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Strathprints serves world leading Open Access research by the University of Strathclyde, including research by the Strathclyde Institute of Pharmacy and Biomedical Sciences (SIPBS), where research centres such as the Industrial Biotechnology Innovation Centre (IBioIC), the Cancer Research UK Formulation Unit, SeaBioTech and the Centre for Biophotonics are based.

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The physiological ecology of Daphnia I : development of a model of growth and reproduction

McCauley, E. and Murdoch, W.W. and Nisbet, R.M. and Gurney, William (1990) The physiological ecology of Daphnia I : development of a model of growth and reproduction. Ecology, 71 (2). pp. 703-715. ISSN 0012-9658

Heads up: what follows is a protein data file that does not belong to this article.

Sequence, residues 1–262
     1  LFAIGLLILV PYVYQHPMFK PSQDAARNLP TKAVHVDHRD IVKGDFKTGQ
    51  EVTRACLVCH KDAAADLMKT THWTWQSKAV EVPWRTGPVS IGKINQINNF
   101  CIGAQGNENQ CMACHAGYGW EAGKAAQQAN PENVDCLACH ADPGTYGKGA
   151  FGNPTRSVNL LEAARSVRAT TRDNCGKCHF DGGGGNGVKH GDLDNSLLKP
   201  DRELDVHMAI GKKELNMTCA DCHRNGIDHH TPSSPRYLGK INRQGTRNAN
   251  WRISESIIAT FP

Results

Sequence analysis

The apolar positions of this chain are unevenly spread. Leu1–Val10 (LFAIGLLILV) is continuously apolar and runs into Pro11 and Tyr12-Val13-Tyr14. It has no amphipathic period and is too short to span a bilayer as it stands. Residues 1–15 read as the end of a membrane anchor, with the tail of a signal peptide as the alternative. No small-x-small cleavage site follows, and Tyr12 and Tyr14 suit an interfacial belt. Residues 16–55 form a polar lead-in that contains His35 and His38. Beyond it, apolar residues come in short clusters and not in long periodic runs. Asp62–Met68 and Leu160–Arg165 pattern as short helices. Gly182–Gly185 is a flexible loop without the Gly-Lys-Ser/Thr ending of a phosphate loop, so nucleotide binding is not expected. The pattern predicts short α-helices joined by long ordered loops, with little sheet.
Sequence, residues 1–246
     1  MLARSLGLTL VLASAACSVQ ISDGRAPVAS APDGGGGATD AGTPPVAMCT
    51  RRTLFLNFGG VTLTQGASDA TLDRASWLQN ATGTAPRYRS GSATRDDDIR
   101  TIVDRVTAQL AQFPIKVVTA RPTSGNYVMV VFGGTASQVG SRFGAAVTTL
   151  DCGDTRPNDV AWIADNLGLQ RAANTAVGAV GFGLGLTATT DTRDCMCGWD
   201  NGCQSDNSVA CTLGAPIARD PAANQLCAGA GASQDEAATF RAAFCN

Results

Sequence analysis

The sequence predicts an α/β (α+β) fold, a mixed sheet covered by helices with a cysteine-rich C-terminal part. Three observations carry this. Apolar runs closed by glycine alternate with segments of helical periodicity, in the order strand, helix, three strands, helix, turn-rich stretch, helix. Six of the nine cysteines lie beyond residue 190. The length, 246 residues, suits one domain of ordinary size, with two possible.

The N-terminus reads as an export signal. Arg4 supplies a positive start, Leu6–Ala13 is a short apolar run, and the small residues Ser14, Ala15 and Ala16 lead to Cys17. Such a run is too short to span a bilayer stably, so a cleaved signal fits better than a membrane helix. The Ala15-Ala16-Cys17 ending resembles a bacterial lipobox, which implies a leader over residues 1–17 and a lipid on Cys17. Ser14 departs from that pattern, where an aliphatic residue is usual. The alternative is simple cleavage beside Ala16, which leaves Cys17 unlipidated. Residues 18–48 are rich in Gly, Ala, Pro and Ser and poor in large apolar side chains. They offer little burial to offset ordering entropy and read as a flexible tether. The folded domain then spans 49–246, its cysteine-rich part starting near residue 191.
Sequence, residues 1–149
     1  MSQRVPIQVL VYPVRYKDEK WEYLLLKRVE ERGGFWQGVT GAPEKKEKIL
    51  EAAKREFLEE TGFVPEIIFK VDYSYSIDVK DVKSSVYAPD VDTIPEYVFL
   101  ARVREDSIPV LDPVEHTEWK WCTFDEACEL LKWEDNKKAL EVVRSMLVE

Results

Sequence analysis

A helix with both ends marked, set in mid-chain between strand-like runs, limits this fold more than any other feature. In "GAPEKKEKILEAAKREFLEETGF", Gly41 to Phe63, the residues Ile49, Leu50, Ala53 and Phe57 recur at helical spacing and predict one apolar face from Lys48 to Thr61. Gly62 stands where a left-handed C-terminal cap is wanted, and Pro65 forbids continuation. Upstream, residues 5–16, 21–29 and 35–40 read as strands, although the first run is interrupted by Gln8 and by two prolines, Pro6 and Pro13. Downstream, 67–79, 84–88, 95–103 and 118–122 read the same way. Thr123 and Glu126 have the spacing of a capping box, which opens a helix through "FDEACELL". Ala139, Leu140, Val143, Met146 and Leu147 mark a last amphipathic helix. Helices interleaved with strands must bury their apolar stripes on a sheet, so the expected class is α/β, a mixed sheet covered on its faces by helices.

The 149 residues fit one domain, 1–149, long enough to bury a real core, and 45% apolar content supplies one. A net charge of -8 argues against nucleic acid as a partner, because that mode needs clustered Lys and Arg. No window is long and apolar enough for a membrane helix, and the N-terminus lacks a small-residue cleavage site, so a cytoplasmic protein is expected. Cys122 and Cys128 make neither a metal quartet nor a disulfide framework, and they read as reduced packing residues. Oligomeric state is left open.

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Patterns of growth, development, and reproduction have been observed in many Daphnia species, and there have been some attempts to explain them using models that take into account rates of intake, assimilation, maintenance, and energy allocation rules. We show, however, that existing models cannot capture some essential features of individual growth, especially under conditions of low food supply that are typical of field conditions. These features include: (1) a sigmoid growth curve, and (2) the time to starvation or the performance of individuals during periods of low food availability. We propose and test a new hypothesis based on the idea that allometric relationship for physiological rates are stage dependent. We show that ingestion rates increase much faster with juvenile body size than with adult body size for several Daphnia species. Existing data suggest that allometric relationships for respiration are not stage dependent, and we derive a maintenance function that takes into account overheads associated with growth and basal metabolic rates. The new allometric relationships for ingestion and maintenance, along with an accurate description of the onset of maturity and partitioning of energy between growth and reproduction, can account for the sigmoid growth pattern displayed by Daphnia. Existing models cannot explain Daphnia's performance when food availability is low, and this led us to examine how Daphnia stores energy and uses reserves. Our review synthesizes disparate observations on the structure and dynamics of reserves, and forms the basis for a new model of Daphnia pulex.